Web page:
Book review: ‘World Brain’ by HG Wells
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Timely reissue for the visionary author’s prediction nearly a century ago of a global encyclopedia that would gather the world’s knowledge and make it freely available to all.
The surest sign of a writer’s fame is when they themselves become a literary hero. This is certainly the case with HG Wells - polymath, prophet, legendary fantasist and one of the 20th century’s most prolific authors - who features as a character and/or a protagonist in a number of works of contemporary fiction. Ronald Wright’s ‘A Scientific Romance’ and Robert Masello’s ‘The Haunting of HG Wells’ are just two.
Wells’ widely known literary and technological predictions range from the time machine, which has not (yet) come true, to the atomic bomb, which regrettably has. His less well-known techno prophecy is that of the 'World Brain'; a pre-digital, freely available ‘World Encyclopaedia’ accumulating the bulk of all human knowledge. This, he believed, would lead to an ideal, perennially peaceful world, with no conflicts or wars and where universal happiness reigns. Wells was - first and foremost - a Utopian thinker.
This timely reissue by the MIT Press of the book ‘World Brain’ ($24.95, ISBN 9780262542562), with a foreword by one of Wells’ modern-day counterparts, science-fiction author Bruce Sterling, collects a series of essays and addresses that were published or delivered to audiences in Britain and America between 1936 and 1938. In them, Wells elaborates on his long-standing idea of creating a permanent encyclopaedia that would evolve as time goes by and result in unlimited “free knowledge” for everyone.
Anybody born and bred in a democracy is likely to take the concept of free knowledge for granted as one of the guaranteed rights a human being automatically acquires at birth. For someone like me, who spent the first 35 years of their life in the totalitarian USSR, where knowledge and information were rationed perhaps even more strictly than food and consumer goods, it will always remain one of life’s main pleasures and wonders.
My first ever big purchase in the West after defecting in 1990 - long before I acquired my first car - was a full set of the Encyclopaedia Britannica, a treasure I could hardly afford but was unable to resist. Ten years on, with the development of the Internet and all kinds of computer software, my multi-volume treasure turned into a white elephant and millstone around my neck. I was physically unable to carry it with me on my never-ending travels and eventually had to swap it for just one floppy disk, then later a CD, which contained all of Britannica’s contents plus lots of additional audio and video footage. It was something that even Wells, bent on improving the pre-digital publishing technology (or, in his own words, on “modernising” the existing “distribution of knowledge”) failed to predict.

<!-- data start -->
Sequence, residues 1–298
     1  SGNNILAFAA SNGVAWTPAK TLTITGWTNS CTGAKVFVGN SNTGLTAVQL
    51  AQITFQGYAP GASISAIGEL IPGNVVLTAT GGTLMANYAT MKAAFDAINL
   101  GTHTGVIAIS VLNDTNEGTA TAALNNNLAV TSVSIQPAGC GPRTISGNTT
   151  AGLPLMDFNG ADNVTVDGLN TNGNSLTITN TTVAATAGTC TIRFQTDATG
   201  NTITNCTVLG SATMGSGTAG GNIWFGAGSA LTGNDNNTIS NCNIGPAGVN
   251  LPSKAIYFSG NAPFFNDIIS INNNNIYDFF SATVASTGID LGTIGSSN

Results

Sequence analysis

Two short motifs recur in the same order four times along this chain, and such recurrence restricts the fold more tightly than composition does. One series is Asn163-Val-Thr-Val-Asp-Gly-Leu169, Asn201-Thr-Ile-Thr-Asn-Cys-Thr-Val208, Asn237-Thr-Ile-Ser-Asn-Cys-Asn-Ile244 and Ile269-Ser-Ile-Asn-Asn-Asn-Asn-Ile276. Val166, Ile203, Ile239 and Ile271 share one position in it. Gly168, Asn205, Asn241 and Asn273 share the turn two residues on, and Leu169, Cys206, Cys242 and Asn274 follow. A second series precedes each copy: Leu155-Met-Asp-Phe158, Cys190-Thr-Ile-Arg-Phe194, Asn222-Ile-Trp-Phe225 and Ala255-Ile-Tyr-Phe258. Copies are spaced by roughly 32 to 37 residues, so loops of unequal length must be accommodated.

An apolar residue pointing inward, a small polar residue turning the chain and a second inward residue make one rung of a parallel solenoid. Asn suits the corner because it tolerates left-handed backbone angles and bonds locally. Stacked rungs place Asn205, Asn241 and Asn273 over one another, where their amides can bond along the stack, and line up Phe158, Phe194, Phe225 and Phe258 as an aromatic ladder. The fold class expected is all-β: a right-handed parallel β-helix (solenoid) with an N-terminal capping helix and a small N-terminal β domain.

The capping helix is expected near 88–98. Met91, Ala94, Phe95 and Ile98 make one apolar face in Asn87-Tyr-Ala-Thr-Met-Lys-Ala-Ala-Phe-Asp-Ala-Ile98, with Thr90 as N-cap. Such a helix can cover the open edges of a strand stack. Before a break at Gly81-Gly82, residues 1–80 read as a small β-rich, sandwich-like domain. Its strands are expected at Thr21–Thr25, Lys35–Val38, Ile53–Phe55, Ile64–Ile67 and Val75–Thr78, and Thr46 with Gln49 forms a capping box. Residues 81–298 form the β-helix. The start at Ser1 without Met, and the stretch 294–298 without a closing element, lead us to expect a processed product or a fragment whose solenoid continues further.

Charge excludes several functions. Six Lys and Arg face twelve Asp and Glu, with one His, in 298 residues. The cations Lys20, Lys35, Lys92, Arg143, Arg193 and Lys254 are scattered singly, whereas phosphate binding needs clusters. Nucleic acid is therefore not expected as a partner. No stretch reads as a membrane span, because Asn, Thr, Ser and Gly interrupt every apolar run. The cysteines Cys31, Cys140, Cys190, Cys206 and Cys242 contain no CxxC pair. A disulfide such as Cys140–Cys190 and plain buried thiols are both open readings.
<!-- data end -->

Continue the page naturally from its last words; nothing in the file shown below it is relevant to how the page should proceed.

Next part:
From the great writer’s point of view, the World Encyclopaedia would be “a row of volumes in one’s own home or in some neighbouring house or in a convenient public library or in any school or college, and in this row of volumes one would, without any great toil or difficulty, find in clear understandable language, and kept up to date, the ruling concepts of our social order, the outlines and main particulars in all fields of knowledge.”
According to Wells, the difference between that multi-volume treasure trove of knowledge and the encyclopaedias, gazetteers and other reference books that already existed was that it would be put together, edited, controlled and constantly altered not by a group of human beings, but by the so-called ‘World Brain’. He envisioned this technological system of networked knowledge as “a hypothetical super-gadget”, although its actual modus operandi remains even more mysterious than the no-less hypothetical time machine that he attempted to describe in his eponymous novel.
The reason why the World Brain cannot be dismissed as just another case of a great writer’s wishful thinking is that Wells was the first to shape a philosophical concept of a free and seemingly limitless repository of knowledge that all citizens of planet Earth could easily access and to which they could all easily contribute. One would be tempted to regard Wikipedia, or the Internet in general, as a full materialisation of his dream. Yet, none of them has so far become ”the greatest power on earth for the consolidation of humanity and the establishment of an enduring Pax for all mankind,” in the way that the Utopian World Brain was meant to.
Will they ever evolve into such a cathartic power? To answer that question, I’m afraid we might all have to jump on board a real - as opposed to Wells’ fictitious - future-bound time machine!
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